- Focusing on a Player now implies focusing on its icon ignoring the size of its frustum, while Shift + F allows focusing on the camera bounds.
- Fixed selection of cloned nodes after completion of the 'Clone And Move' operation (LMB + Shift), selection shall not be reset.
- Fixed selection of Front/Up Axis in the model import settings.
- Fixed an issue with copying and pasting surface parameters, the Custom Surface texture is copied as well.
- Fixed an issue with non-functional 'directory' icon opening the list of animated items in the Tracker tool.
- Optimized displaying of parameters for multi-selection in case of huge numbers of selected nodes (tens of thousands) removing Editor freezes. Reparenting of multiple materials has been optimized as well.
- Fixed parenting issues when using the Ctrl + P combination.
- Fixed selection of surface LODs in the viewport.
- Fixed an issue with node replacement by the Randomizer tool.
- Fixed an issue with incorrect orientation along surface normals (Orient By Normal) when using the Snap to Surface tool. Snapping of scaled objects fixed as well.
- Fixed an issue with some Editor windows not shown on Linux (Ubuntu 23.04, GNOME 44.3).
- Fixed a pack of issues with DPI Scaling on Windows.
Sandworm Tool Improvements
- Added support for graph-based materials (*.mgraph) for buildings generation.
- Fixed issues with seams on ObjectTerrainGlobal.
- Fixed generation of trees in areas where there are roads and buildings.
- Fixed issues resulting in artifacts and data losses when generating terrain data using compression algorithms.
- Fixed an issue resulting in a failure to generate ObjectTerrainGlobal using the GeodeticPivot projection if the bound size exceeds 30 degrees on either side).
- Fixed blending of vegetation masks.
- Fixed an issue with gaps between textures applied along linear vector objects.
- Fixed an issue affecting generation of buildings.
- You can now rate add-ons and leave your comments to share your thoughts, suggestions, or experience regarding their use.
- Added an ability to attach multiple packages to the same add-on for various SDK editions and operating systems, so now there's no need to create multiple add-on versions for this purpose.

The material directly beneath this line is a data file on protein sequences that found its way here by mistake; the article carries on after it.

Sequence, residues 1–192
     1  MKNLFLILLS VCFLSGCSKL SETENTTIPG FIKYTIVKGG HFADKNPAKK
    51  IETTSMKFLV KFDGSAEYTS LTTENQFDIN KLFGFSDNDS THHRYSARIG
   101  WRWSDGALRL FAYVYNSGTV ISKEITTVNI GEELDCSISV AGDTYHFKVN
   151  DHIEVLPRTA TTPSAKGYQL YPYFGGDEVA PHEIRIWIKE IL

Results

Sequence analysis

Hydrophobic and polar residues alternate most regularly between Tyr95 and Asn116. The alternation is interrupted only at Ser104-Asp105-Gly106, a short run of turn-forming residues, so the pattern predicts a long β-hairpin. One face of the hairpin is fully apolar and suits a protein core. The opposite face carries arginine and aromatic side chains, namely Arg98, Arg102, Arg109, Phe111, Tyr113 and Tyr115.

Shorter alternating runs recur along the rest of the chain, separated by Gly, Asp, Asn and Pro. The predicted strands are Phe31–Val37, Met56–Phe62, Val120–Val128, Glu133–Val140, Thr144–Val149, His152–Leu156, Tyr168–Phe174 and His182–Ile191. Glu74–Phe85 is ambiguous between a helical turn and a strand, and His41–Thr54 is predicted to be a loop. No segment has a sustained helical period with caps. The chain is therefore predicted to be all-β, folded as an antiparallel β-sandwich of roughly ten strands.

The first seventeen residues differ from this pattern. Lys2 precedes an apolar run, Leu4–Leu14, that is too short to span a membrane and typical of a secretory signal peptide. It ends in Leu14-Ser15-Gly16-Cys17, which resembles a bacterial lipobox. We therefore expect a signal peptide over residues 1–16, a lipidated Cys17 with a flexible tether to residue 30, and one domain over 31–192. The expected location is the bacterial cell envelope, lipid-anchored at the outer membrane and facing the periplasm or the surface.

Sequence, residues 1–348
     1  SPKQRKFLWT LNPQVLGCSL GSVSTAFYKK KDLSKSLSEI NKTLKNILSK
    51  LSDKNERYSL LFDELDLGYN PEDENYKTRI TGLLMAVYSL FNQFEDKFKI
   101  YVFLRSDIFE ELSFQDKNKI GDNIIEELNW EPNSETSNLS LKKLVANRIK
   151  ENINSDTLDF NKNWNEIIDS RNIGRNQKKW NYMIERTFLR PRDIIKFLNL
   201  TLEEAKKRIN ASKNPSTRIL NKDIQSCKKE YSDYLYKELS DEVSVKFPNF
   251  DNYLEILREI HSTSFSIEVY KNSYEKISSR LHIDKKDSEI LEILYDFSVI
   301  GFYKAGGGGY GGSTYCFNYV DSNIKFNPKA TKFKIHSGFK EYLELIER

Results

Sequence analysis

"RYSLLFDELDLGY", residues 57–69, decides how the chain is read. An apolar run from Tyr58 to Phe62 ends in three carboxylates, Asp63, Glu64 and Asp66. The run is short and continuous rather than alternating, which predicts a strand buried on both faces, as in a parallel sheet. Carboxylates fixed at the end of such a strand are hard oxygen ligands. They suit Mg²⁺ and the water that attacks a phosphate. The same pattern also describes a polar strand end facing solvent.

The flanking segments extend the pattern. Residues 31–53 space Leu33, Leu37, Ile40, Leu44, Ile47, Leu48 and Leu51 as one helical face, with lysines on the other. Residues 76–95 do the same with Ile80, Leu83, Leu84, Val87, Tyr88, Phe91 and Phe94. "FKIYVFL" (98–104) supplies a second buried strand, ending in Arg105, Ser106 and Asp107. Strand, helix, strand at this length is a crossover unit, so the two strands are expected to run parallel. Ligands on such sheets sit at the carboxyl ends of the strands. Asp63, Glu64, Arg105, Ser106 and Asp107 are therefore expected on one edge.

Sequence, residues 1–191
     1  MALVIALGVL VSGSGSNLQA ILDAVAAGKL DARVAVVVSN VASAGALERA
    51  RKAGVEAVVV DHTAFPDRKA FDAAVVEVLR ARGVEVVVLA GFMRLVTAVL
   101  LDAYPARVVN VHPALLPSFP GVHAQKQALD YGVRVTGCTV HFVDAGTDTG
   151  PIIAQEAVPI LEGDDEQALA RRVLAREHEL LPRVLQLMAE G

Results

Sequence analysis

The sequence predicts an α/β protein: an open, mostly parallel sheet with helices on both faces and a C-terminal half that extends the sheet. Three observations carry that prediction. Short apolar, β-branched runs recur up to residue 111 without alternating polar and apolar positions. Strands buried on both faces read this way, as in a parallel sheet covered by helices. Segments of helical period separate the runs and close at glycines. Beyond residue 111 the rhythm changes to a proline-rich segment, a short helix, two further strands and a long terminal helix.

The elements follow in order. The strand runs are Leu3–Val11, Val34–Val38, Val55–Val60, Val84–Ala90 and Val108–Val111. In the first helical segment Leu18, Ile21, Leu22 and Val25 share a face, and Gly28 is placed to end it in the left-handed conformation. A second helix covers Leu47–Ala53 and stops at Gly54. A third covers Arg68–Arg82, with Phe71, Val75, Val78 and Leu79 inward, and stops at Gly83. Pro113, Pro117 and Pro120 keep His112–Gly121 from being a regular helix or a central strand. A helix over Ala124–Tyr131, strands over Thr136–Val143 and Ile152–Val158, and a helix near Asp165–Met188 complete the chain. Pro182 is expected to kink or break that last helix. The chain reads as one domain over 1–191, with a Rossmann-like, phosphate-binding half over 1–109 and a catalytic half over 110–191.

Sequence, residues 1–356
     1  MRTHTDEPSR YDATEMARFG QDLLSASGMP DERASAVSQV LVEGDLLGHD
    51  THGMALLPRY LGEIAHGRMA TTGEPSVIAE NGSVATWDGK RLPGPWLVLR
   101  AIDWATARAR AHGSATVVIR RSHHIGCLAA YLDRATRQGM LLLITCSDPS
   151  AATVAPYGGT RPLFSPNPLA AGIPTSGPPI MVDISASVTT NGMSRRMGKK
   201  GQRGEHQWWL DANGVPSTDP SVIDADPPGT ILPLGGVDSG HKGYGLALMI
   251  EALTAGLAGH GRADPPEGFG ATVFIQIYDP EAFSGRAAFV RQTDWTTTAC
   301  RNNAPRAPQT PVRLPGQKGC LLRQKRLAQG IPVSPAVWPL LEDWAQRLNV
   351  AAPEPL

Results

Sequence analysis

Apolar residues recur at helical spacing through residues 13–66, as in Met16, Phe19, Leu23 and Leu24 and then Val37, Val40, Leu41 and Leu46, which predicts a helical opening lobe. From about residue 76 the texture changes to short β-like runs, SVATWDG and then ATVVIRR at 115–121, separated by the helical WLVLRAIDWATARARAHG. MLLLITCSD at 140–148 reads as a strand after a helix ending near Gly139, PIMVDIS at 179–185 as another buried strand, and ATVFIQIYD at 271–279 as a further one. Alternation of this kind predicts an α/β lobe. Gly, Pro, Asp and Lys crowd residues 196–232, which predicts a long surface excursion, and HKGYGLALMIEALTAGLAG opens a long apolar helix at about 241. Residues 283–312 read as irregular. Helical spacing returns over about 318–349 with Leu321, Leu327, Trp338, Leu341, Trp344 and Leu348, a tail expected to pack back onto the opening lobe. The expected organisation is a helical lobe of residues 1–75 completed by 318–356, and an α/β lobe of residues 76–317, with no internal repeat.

- Improved relevance of search results now taking into account specified filtering options.
- Added an ability to send a question directly to a publisher via the dedicated feedback form.
For more information on new functions please refer to the updated version of Add-On Store Documentation.
- Added bounds for GPU particles making them work the same way as CPU particles regarding rendering of light sources (taking into account limitations on the number of light sources rendered for transparency). This made GPU particles lighting look more consistent and stable without random switching of all light sources in the world on and off (without bounds it was not possible to define which lights should be rendered).
- Fixed an issue with cutting out Length-type particles with high values of Size and Length parameters by the Particles Spacer.
- Fixed interpolation issues related to using CIGIConnector resulting in image jittering especially noticeable on large-screens.
Demos and Samples
New Drone Demo
Introducing a new Drone Simulator demo project showcasing the ability to render UAV imagery on UNIGINE in both desktop and VR modes, while also offering gamepad control over the drone. The demo uses a basic physical flight model that provides an immersive flight experience. Additionally, it offers various camera modes to simulate different POVs, connection types, and sensors.
The demo project can be used as a template to cover the typical UAV use cases:
- Aerial Videography
- Infrastructure Inspection & Maintenance
- Search & Rescue Operations
- Emergency Response & Disaster Management
New C++ SIM Samples
Introducing a new set of C++ samples showcasing various tasks for simulation (available for the Sim SDK edition only), which is to be extended in the upcoming SDK updates. The High-Level Car Physics System demo is now a part of this suite including a number of new samples: